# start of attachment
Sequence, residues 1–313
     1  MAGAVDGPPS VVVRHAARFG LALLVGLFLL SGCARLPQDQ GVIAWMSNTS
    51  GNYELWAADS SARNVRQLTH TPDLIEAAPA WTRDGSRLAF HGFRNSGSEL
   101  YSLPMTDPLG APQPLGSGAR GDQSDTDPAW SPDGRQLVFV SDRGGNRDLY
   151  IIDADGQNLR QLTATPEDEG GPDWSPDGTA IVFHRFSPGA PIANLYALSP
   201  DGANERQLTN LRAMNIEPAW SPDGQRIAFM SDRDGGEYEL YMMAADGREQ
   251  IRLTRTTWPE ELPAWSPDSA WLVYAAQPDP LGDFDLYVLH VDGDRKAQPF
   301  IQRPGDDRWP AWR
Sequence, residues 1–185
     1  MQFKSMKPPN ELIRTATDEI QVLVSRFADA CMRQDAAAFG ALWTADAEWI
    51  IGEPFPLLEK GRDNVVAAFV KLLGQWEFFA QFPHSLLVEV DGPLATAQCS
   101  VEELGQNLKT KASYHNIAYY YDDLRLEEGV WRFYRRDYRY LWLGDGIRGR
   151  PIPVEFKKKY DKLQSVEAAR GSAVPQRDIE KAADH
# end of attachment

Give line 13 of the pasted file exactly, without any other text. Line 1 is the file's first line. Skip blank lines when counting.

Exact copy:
   151  PIPVEFKKKY DKLQSVEAAR GSAVPQRDIE KAADH